Lemon Curd:

3 large eggs
3/4 cup (150 g) granulated white sugar
1/3 cup (80 ml) or a tad more lemon juice (anywhere from 1 1/2 - 3 lemons depending on how juicy)
4 Tbs (60 g) unsalted butter, cubed
Finely grated zest of 2 lemons (about 1 Tbs)

 Whisk the eggs, sugar and lemon juice together in a medium saucepan (you do not want to use a wide, shallow or large saucepan) until smooth and well blended. Place the saucepan over very low heat and, whisking constantly, heat very gently and cook until it thickens, 8 to 10 minutes. This can be done in a bain marie... but if cooking in a pot directly on the flame, watch carefully and if it begins to bubble too much pull it off the heat and continue to whisk... putting it back on the heat at intervals.

 Remove from the heat and whisk in the butter one or two cubes at a time until melted and blended in. Whisk in the zest. Scrape into a heatproof bowl, cover with plastic wrap and refrigerate at least overnight until chilled and firmed (very thick). Makes about 1 1/3 cups.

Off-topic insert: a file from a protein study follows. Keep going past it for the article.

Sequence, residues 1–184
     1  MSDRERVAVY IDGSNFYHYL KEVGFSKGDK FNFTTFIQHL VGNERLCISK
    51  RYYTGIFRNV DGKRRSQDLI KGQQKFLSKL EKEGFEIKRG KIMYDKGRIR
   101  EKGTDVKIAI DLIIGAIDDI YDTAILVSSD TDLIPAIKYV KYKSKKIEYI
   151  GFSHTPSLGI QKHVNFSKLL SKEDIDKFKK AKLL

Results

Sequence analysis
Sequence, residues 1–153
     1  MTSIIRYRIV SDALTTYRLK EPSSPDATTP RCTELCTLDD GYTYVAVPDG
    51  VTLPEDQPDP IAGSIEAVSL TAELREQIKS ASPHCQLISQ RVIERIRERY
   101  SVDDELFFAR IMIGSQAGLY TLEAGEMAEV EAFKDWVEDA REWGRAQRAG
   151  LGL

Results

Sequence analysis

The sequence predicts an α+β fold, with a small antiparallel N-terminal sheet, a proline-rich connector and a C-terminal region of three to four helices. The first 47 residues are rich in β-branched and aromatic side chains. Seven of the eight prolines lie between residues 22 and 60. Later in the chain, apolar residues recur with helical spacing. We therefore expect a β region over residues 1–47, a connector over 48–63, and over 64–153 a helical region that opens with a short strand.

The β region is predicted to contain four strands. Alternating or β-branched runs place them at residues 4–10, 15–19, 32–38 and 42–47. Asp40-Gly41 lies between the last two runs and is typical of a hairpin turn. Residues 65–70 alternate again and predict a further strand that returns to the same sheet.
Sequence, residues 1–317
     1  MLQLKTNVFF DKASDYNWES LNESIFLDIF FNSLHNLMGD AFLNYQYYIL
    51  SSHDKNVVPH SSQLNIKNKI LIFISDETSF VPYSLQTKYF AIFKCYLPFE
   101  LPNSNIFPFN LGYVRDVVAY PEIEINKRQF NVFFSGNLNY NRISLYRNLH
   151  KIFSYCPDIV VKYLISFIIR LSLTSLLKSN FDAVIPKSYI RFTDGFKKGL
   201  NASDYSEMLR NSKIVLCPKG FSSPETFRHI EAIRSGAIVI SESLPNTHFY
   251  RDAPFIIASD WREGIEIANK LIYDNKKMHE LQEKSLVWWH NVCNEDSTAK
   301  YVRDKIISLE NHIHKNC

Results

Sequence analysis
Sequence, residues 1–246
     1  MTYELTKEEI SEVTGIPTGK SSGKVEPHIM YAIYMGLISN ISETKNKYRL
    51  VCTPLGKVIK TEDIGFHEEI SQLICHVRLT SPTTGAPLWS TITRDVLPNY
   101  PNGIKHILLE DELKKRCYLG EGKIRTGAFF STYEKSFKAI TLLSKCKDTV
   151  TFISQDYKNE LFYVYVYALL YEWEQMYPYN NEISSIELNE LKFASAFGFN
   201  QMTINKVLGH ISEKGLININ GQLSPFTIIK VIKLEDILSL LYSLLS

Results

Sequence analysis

For the Lemon Tart:

Pre-baked Sweet Pastry Crust, preferably with the addition of ground almonds
1 1/3 - 1 1/2 cups (more or less 300 ml) Lemon Curd (recipe above or use your favorite)
1 cup (250 ml) heavy whipping cream, chilled, more if you like it lighter, less lemony

 Beat the cream until peaks hold. Beat the lemon curd into the whipped cream about half a cup at a time. The resulting lemon cream should be thick and fluffy. Mound into the baked pie shell, lightly spread evenly. Refrigerate for minimum an hour before serving. Serve decorated with raspberries, strawberries or as you like.

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1 comment:

  1. I love this lemon tart--so simple and perfect. =) And Ilva, I really love that photo of the pinned lemon slices.